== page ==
Master's in Criminal Justice: Salary and Career Facts

Find out about the types of jobs you could pursue with a master's degree in criminal justice. Read on to learn more about career options along with job outlook and salary information. Schools offering Criminal Justice degrees can also be found in these popular choices.

What Is A Master's in Criminal Justice?

After completing a bachelor's degree it is possible to pursue graduate studies and complete a master's degree in criminal justice. Individuals with a master's degree in criminal justice are highly trained experts in criminal justice. A master's degree can increase job options and opportunities for advancement. Some career options include becoming a private investigator, a corrections officer or a social worker. Private investigators research matters for their clients, and collect evidence to establish the information the client is interested in. They may determine if a spouse is having an affair or if an employee has been stealing from a company. Corrections officers work with prisoners and monitor their behavior while incarcerated. Social workers can specialize in a number of different roles. They may counsel individuals with health issues, provide counseling to individuals with behavioral challenges or addictions, or they may assist individuals who need specific resources, such as food stamps, and help them secure those resources.

Social WorkerPrivate InvestigatorCorrections Officer
Key Skills Compassion, listening, problem-solving, organizational Attention to detail, problem-solving, communication Physical fitness, communication, emotional strength
Job Growth (2018-2028)11%* 8%* -7%*
Median Salary (2018) $63,140* $50,090* $44,330*

Source:*US Bureau of Labor Statistics

What Will I Learn from a Master's in Criminal Justice Degree Program?

Case studies form a substantial component of criminal justice coursework. Your professors use them to show you the proper ways to handle situations and clients. Through these case studies, you will learn skills valuable to you in the workplace, such as analysis, problem-solving, patience, crisis assessment and resolution.

In many criminal justice careers, you will be working with people who will not always 'play fair.' In order to work with alleged or convicted criminals, you must be fast-thinking and able to work in a number of dynamic environments. Courses in a criminal justice degree program will prepare you for these environments. Other subjects you may come across during your studies are administrative law, theory of criminology, drugs, roles of police in society, race and crime, ethics, sex offenders, gangs and terrorism. You may also look deeper into principles of rehabilitation, forensic science, victimology, delinquency, counseling, court systems and domestic abuse.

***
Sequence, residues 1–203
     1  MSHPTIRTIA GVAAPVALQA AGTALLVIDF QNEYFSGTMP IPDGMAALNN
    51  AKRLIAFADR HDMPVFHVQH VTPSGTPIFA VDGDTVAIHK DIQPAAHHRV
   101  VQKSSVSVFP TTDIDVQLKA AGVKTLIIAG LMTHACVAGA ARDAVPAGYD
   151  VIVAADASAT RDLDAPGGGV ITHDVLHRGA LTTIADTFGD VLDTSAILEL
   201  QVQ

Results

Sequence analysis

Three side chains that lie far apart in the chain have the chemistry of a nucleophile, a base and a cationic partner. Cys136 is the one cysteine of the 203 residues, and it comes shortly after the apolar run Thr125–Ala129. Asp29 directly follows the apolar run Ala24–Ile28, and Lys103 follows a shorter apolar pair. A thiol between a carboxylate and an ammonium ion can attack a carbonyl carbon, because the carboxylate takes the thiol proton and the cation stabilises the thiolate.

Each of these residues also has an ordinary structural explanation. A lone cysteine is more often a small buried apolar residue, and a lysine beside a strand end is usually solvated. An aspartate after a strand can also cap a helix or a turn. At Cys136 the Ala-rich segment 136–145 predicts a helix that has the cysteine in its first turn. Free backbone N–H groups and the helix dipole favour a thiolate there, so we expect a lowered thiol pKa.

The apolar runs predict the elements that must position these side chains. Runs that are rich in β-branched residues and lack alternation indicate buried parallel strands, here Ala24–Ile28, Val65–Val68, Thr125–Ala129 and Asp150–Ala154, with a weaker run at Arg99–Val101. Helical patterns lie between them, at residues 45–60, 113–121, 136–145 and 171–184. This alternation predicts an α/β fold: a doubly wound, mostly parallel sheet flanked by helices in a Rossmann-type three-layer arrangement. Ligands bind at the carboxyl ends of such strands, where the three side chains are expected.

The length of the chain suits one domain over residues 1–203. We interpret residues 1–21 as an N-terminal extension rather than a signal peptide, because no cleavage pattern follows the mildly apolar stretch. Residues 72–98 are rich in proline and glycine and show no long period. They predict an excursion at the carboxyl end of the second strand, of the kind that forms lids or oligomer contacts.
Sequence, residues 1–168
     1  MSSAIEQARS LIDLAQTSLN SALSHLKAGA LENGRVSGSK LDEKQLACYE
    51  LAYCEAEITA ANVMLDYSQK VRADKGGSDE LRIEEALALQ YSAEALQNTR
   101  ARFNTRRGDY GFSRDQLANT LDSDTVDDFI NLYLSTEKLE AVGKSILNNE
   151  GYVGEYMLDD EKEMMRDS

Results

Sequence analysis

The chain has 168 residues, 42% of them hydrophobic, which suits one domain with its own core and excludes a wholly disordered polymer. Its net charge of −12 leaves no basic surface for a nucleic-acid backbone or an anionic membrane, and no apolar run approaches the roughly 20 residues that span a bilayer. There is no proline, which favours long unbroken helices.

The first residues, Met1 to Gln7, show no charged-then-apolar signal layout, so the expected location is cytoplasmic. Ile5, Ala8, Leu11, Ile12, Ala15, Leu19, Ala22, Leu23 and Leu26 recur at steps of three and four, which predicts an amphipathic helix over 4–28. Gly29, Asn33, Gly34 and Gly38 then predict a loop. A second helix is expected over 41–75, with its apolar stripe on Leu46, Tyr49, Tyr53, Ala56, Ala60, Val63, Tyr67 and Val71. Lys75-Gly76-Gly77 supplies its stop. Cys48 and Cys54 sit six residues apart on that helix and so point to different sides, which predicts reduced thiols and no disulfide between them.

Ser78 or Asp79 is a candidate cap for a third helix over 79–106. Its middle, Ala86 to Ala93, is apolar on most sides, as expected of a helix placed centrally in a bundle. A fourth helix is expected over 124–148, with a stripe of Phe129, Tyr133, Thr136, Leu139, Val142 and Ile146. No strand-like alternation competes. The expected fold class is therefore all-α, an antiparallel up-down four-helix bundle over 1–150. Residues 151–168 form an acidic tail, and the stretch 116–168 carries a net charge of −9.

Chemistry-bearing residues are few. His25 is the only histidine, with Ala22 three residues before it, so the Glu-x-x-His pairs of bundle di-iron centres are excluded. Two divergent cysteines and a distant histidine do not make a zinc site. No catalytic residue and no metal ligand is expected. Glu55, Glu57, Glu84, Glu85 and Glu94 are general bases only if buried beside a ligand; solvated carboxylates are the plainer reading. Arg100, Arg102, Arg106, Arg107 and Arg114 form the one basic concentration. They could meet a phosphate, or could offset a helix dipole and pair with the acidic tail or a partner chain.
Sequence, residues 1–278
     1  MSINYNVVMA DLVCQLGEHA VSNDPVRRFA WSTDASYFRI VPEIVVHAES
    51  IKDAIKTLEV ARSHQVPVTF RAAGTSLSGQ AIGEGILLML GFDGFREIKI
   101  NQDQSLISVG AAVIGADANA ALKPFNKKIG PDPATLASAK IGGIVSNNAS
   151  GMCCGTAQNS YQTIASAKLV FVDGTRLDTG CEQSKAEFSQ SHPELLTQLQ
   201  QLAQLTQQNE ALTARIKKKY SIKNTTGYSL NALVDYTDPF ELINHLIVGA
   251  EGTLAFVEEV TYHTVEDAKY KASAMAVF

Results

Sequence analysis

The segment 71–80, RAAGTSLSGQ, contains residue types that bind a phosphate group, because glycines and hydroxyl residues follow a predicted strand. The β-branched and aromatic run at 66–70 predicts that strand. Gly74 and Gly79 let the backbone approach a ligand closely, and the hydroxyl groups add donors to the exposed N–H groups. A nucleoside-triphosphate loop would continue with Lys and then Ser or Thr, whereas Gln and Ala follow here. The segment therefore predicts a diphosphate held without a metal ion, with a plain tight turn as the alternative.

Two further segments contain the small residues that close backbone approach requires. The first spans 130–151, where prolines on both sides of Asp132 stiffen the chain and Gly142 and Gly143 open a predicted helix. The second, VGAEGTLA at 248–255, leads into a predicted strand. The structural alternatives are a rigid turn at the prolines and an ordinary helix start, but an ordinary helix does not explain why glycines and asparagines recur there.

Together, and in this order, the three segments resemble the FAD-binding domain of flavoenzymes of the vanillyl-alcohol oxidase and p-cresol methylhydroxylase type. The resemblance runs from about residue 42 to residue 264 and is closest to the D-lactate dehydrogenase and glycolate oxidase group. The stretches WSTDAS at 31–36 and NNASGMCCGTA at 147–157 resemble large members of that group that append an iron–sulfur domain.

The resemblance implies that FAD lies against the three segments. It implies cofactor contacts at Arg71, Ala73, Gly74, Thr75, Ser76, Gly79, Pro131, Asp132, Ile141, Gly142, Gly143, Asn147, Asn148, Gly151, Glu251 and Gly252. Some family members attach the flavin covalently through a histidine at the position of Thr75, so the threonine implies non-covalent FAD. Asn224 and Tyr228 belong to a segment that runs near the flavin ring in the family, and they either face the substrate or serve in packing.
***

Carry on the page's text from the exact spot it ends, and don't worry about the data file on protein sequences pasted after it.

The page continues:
What Careers Can I Consider?

With a criminal justice master's degree you can consider work in the social services field, corrections, investigations, loss prevention, government agencies or law enforcement. For example, you might seek a career as a private investigator, conducting work for attorneys, private business and individuals who are looking for specific information. To work as a private investigator, you need to know that 47 states currently require licensure.

Corrections officers and police officers work with criminals in and out of prison. Police help keep the peace on the streets while corrections officers keep peace in the jail houses and aid in the rehabilitation of convicts.

As a social worker in a government agency, you may work with child-protective services or child-support agencies, assist people to find homes and food, help with job placement and work with probation or parole officers to help ex-convicts get back on their feet through re-entry support. Social workers will need to look into licensure or certification per their state's requirements. If you earn a doctoral degree, you could work as a professor teaching criminal justice and law enforcement.

How Much Can I Earn?

According to the U.S. Bureau of Labor Statistics in 2018, the following were some of the most common criminal justice careers and the average salaries: private investigators made $50,090, social workers made $63,140 and correctional officers made $44,330 ( Most careers have branches or secondary industries as well. Depending on the industry, your salary may vary.

What Are Some Related Alternative Careers?

The work that mental health counselors and marriage and family therapists do is similar to the work of a social worker. Counselors and therapists provide individuals with specific personal challenges with guidance and strategies for addressing their problems. Like social workers, they need a master's degree. Probation officers and correctional treatment specialists need a bachelor's degree. Their work is similar to the work of corrections officers; however, they work with criminals after they've been released from prison and monitor them to help ensure that they do not commit further crimes. Police and detectives perform tasks that are comparable to the work of private investigators. They investigate crimes, interview witnesses, gather evidence, and then use that information to pursue criminal charges against a suspect. They do not necessarily need a degree, although postsecondary studies in criminal justice may increase their opportunities for advancement.

To continue researching, browse degree options below for course curriculum, prerequisites and financial aid information. Or, learn more about the subject by reading the related articles below:

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